Elected members of the House are no longer responsible to their constituents for direct federal legislation taxation. The concept of taxation and representation is gone. Members of the Senate, the intended voice of the sovereign states, no longer represent their state’s elected leadership, they represent the political party that got them elected. In 1937, the Supreme Court succumbed to the threat of “packing the court” and approved federal legislation outside of the “Enumerated Powers.”

And now, we have federal grants and federally legislated health care, school funding and look to Washington for future local program funding. The federal funding of state COVID-19 needs will be the precedent for future federal control over once sovereign states.

The arrival of Donald Trump on the scene in 2016 was a reflection of the American people’s concern regarding the disengagement of the people from their state and local governments for national oligarchical influence. This brings us back to the basic question. Will the United States be ruled by an oligarchy of national political parties, rich corporations, wealthy persons, and an irresponsible press, or will “we the people” reassert the governing intent of our founders?

BOB DEWEY

Wintergreen

Thankful for a Trump defeat and more

Well, folks, it’s Thanksgiving and there is much to be thankful about.

To get it out of the way we can be thankful that about 77 million Americans showed up to fire Donald Trump from a job he was not suited for and really didn’t want. Like the petulant child he is, he wanted the prestige and the perks but none of the work and responsibility. That showed even this week as he skipped the G20 meeting on the virus devouring his country for a golf game even as his lawyers generated ludicrous reasons for him not to concede an election he obviously lost.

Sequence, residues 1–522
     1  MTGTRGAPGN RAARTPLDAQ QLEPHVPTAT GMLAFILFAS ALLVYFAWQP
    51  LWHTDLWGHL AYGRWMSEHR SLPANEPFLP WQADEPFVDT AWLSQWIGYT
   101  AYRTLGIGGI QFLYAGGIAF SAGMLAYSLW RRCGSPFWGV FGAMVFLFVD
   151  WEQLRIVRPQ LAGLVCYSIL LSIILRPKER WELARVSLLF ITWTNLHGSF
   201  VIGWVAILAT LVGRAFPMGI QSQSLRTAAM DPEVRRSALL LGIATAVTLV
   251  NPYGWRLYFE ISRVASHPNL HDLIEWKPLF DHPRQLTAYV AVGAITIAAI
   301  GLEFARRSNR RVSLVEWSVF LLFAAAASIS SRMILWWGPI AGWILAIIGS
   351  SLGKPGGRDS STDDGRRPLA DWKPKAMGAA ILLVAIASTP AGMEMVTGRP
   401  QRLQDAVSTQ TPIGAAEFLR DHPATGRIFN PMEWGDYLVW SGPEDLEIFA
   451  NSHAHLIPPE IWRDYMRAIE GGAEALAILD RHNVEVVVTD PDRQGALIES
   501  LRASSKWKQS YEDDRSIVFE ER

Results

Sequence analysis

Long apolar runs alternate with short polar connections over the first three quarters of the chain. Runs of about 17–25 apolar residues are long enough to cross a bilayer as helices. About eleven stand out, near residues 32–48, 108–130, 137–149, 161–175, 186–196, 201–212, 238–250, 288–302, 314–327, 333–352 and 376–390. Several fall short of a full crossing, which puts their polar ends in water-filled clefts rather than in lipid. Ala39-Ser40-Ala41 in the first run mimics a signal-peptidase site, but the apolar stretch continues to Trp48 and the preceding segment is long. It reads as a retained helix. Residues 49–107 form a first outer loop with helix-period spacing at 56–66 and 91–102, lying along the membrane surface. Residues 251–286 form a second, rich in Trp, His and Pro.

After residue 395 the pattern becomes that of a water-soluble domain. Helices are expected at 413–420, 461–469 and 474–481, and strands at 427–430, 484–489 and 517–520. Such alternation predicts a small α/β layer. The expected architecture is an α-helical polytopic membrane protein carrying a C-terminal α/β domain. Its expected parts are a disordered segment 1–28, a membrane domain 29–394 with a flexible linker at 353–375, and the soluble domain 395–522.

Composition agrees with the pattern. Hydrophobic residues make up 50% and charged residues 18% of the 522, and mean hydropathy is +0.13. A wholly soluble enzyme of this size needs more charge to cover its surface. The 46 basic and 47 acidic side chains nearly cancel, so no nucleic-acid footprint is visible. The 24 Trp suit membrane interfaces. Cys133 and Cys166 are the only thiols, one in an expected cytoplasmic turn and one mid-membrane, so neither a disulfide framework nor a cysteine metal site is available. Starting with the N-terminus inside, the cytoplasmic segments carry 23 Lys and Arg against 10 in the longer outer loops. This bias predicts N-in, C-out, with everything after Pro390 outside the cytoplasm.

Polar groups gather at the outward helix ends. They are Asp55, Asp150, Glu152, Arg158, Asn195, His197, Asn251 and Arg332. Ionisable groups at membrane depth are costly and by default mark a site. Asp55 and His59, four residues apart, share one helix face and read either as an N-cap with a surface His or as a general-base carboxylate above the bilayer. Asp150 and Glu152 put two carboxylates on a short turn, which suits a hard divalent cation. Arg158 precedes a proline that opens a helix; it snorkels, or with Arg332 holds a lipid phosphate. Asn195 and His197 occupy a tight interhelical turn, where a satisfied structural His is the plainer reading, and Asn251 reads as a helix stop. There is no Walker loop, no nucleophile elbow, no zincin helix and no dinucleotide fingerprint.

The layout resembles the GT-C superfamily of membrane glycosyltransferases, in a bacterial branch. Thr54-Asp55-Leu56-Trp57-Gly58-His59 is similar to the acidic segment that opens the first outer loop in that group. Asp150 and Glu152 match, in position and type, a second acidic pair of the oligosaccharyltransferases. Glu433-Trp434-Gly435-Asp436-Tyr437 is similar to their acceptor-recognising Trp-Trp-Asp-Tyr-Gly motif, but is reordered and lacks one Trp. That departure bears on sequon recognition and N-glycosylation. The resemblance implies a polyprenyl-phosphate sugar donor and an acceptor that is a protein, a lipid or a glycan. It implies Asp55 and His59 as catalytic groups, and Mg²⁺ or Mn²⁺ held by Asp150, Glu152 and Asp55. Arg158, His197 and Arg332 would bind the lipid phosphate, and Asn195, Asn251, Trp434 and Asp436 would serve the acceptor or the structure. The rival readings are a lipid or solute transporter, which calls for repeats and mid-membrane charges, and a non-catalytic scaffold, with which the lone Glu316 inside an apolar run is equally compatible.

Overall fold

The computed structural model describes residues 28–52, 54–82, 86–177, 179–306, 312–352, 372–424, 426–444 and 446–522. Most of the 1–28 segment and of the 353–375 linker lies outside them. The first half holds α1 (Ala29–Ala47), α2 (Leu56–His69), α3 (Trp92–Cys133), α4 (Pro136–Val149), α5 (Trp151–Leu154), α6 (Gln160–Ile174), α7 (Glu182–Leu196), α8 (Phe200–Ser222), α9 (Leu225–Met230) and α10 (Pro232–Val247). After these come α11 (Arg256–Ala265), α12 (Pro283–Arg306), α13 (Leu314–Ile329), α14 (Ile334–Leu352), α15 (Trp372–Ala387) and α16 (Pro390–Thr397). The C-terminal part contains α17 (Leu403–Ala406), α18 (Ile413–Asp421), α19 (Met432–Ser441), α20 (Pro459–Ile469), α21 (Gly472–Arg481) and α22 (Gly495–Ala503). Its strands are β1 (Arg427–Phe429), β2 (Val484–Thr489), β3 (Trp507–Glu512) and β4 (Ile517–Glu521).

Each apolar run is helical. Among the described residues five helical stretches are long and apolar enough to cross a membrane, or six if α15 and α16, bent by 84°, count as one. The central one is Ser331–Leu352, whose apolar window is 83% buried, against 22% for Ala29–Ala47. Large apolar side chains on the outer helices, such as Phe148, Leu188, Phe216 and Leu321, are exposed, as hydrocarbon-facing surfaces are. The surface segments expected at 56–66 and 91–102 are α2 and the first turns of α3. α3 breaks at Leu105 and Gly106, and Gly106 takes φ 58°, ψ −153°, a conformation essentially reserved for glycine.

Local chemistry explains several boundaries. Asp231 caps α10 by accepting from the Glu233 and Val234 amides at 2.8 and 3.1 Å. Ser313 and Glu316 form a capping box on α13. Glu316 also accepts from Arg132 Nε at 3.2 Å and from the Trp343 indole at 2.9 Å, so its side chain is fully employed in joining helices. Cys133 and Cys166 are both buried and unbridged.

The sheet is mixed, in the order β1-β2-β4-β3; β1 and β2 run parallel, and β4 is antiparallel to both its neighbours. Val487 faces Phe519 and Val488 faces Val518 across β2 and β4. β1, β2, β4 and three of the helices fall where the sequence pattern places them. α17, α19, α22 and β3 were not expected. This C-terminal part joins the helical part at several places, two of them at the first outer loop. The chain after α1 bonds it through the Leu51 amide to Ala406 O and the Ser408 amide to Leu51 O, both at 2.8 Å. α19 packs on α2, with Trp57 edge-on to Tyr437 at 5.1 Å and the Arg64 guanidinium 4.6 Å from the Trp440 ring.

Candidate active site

I’m very thankful to be rid of him and his disastrous policies and behavior. I’m thankful that many of the world’s leaders see it just like I do; the sooner Trump’s gone the better. I’m thankful President-elect Joe Biden is taking the virus seriously and will use presidential influence to unite the country behind procedures and practices that have proven successful in beating the virus elsewhere. I’m also thankful that Joe recognizes that the U.S. is just one country in the community of nations and that we must work together for the planet’s sake.

But there is much elsewhere to be thankful for. Growing up on the tip of the boot of Louisiana, on land built from the silt of the Mississippi River in the last 7,000 years, I’m thankful for the sense of permanence I feel living here in foothills of the Blue Ridge. A rock from my hillside was recently dated at 400,000,000 years old. I’m thankful for all those who have previously wandered this land and whose handiwork we uncover whenever we dig in the yard. I’m thankful for all the other life forms which inhabit the woods here.

I’m thankful for the wonderful gardening and fig year we had in 2020. I grew up picking figs in the summer of Louisiana but never in all my years have I seen the fig bushes yield like they did here this year. And in my very limited garden so many different veggies were harvested that we rarely had to purchase any fresh produce. The garden also gave me plenty to do here and made my social distancing an easy task.

Finally, I’m thankful for all my family, friends, and the strangers, friends to be, who make my time so useful and enjoyable. To all of you, thanks.

MIKE TABONY

Gladstone